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Photographic Tips - Creating A Dark Background.

Updated on September 2, 2014
White Lilies photo by Bron Praslicka
White Lilies photo by Bron Praslicka

Tip Applies To A Point-and-Shoot Camera As Well.

This particular article is a "how to" article on how to highlight a subject against a black background using natural light and shadow. As a special note the photos used for my step by step example were captured using a Sony Cyber-shot point-and-shoot camera. There is no doubt that there are some amazing features that you can get with an expense SLR camera - however- I would like to stress that there are a number of tips or tricks you can use just as easily with a point-and-shoot camera or even the camera on your smartphone.

Just in case you are interested in the specifics I used a Sony Cyber-shot, Model DSC-W350, which comes with 14.1 Megapixels, and a 4x Optical zoom. With the optical lens feature the camera's lens capability is the equivalent of a 26-105mm lens. It also is capable of taking video in 720p MP4 HD Movie Mode. This particular model was introduced in 2010, although you can still find a new one on Amazon for just over $200, or purchase a used one for under $85.

I captured the photos of the white lilies several nears ago. Although it is impossible to tell by the photo the lilies were growing beside a church and I simply used the shadow of the church as a dark background for my photo. Since I don't have lilies growing in the yard right now I though I would simply take a walk through the yard and see that might work for our demonstration.

Fortunately enough, I only had to walk out of my front door this morning and found several wildflowers growing in a front flower bed. There are two plants that show up in the photo below - the large leaves belong to a pea vine which we will ignore for the purpose of this demonstration - and the white flowers belong to a plant that is known as Snow-on-the-Prairie. We are going to use the blossoms (and leaves) from the Snow-on-the-Prairie for our demonstration.

The photo below was taken from about 5 feet away from the flowers using the normal lens setting - in other words I didn't zoom in on the flowers. I also have the camera set on Auto mode - which means I am letting the camera set the lighting and shutter speed for me.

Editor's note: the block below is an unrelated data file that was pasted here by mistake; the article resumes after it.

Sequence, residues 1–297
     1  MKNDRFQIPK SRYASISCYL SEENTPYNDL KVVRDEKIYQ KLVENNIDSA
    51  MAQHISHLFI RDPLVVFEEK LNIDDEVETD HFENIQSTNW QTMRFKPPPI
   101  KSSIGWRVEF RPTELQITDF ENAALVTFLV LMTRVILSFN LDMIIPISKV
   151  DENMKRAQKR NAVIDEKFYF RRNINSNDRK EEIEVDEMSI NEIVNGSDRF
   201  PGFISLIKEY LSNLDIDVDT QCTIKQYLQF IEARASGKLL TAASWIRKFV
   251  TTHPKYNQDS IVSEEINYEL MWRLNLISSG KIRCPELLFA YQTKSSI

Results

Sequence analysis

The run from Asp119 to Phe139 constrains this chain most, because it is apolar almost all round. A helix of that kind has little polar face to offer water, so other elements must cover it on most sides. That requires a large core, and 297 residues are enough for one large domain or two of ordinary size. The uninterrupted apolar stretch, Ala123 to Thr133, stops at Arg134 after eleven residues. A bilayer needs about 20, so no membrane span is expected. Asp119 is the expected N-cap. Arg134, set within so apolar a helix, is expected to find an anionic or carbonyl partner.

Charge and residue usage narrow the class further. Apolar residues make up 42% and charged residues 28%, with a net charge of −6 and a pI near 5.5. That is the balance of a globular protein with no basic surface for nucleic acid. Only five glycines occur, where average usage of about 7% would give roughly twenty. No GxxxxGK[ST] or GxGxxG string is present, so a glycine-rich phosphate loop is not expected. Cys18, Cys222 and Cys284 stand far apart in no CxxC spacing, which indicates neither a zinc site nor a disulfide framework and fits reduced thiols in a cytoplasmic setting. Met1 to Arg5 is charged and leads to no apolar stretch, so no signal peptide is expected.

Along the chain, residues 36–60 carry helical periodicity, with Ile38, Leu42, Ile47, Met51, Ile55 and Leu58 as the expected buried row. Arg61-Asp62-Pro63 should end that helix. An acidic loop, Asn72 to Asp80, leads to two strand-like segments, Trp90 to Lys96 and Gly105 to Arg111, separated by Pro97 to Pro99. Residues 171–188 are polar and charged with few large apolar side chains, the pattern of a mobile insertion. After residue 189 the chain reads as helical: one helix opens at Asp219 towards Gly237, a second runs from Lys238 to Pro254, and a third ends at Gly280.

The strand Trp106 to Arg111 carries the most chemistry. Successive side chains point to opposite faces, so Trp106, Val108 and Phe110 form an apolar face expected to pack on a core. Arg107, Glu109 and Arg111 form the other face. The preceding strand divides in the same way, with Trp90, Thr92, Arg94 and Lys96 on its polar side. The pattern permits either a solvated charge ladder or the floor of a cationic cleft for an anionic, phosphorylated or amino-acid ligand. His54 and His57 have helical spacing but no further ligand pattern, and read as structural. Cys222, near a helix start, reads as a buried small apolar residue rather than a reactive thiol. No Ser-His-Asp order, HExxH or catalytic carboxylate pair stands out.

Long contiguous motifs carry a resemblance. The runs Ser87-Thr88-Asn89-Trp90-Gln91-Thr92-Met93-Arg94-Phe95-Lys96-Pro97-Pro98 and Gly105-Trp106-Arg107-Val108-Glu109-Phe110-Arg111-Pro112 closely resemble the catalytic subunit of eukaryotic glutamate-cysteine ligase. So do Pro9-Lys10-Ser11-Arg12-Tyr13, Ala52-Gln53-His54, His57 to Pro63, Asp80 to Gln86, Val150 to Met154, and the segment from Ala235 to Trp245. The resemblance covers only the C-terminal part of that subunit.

Snow-on-the-Prairie photo by Bron Praslicka
Snow-on-the-Prairie photo by Bron Praslicka

The Use of Light and Shadows.

One thing you will notice in the photo above is that the flowers I am photographing are in the sunlight - and just as important for this particular type of photo - you should take note of the dark shadows in the yard across the street.

In order to create this particular image you need to have a dark background behind the subject. As you might guess this situation may not always be possible, however I find that 7 out of 10 times I can usually manage to find a dark background behind my subject - I just have to be willing to move around the subject until I find what I need behind it. As a side note: the 7 out of 10 times is obviously not a number I would want to be quoted on - but my point is that over half of time I can find a dark background to shoot against.

The first step in creating this shot it to move closer to the subject of your photo. For this example I moved in so that I was about 2 feet away from the flower. Then the second step is to zoom in the camera all the way for an additional close-up. If your camera doesn't have a built in zoom you should still be able to pull this shot off - you just want to be sure the camera is focusing on the flower and not on something in the background. The main reason I like to zoom in all the way if I have zoom capability is that it will cause the camera to blur out anything behind the object it is focusing on.